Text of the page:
Thoughts on “Worldview Thinking” (Part One)

I have a little problem with the current obsession with “worldview thinking” in Christian and classical circles. I believe that it subtly moves us from a framework that was used from creation until the mid-19th century. I also believe that in our attempts to build a comprehensive Christian “worldview” that we have de-emphasized our Christian narrative.

The concept of worldview finds it origin in the German concept of Weltanschauung – a word literally meaning “world view”. The concept arose from a problem. See, what modern man needed was a framework that would tie everything together, that allows him to find meaning in the world, and his place in it – that could help him make the purposeful decisions. In fact, that is absolutely what the modern world needed! However, modern philosophers tried synthesize the wisdom gathered in the different scientific disciplines, philosophies and religions – that is when the trouble began.

The value of “world view” thinking was that it moved man from focusing only on the particulars and tried to find some unifying principles. Rather than focusing on small sections of reality, some modern philosophers sought provide us with a picture of the whole.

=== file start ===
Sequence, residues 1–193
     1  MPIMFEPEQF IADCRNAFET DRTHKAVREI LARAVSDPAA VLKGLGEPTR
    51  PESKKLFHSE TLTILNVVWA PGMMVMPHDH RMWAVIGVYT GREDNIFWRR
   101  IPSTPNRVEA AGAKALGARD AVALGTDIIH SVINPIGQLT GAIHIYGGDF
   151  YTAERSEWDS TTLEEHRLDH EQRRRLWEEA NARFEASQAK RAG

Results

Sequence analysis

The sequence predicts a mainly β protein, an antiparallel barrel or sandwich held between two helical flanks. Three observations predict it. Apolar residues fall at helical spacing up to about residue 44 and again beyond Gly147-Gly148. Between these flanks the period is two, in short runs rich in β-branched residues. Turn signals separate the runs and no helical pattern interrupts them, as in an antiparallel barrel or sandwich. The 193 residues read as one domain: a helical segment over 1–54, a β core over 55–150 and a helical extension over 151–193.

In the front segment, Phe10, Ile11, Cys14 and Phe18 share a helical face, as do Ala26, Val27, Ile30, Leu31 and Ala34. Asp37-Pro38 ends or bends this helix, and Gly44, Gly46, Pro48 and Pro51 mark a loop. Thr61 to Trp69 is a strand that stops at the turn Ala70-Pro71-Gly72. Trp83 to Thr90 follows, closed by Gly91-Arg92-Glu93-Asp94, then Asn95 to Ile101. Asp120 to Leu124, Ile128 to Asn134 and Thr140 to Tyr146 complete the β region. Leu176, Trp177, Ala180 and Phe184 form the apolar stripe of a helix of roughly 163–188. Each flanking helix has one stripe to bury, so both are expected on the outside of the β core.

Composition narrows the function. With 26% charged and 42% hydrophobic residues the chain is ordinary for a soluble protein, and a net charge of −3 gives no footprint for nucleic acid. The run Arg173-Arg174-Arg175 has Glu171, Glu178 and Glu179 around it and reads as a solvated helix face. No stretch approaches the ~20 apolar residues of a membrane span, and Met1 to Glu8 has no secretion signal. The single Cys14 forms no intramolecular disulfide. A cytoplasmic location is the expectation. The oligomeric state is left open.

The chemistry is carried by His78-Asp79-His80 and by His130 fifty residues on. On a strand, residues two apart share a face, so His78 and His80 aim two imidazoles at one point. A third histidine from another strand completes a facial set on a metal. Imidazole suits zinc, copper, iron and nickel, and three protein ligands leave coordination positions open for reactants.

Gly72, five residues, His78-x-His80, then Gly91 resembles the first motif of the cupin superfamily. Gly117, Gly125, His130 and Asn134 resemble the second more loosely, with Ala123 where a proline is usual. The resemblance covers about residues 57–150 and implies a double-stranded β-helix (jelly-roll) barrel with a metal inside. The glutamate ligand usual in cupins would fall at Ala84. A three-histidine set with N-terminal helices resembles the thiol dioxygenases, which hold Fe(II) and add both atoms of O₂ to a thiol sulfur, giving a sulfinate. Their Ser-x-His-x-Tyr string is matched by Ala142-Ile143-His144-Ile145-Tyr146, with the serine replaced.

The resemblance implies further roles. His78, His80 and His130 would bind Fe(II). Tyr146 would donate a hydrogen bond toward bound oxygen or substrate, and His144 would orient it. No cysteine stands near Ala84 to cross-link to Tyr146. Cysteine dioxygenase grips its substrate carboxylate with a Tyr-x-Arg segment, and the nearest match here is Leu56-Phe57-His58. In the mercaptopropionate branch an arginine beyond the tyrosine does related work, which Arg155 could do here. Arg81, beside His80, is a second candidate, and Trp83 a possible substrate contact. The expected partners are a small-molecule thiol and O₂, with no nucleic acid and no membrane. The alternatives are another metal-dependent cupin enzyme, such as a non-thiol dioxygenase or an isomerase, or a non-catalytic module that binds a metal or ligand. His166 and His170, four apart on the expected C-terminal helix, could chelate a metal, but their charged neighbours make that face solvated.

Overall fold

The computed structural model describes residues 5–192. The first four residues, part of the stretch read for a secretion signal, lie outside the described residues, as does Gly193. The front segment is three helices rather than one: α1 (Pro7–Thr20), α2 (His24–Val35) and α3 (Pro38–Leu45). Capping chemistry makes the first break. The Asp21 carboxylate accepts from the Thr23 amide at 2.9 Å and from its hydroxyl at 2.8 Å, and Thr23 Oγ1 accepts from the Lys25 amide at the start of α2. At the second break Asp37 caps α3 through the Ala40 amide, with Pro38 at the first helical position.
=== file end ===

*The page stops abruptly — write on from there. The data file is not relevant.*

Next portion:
One such thinker was the Belgian philosopher Leo Apostel who devoted his life to the development of such an integrating worldview. As he quickly understood, the complexity of this task is too great for one man – within the context of comparative religions and philosophies the attempt was futile. With the loss of theology as the ultimate source of all knowledge – the “queen of the sciences”, philosophy becomes speculative…the question is always: “by what authority?”, or “by whose philosophy?” Thus, the worldview thinking of the modern was never a successful enterprise.

In the next section, I will discuss the problems and dangers I see in the recent goals of many schools that seek to produce students who are “worldview thinkers”.

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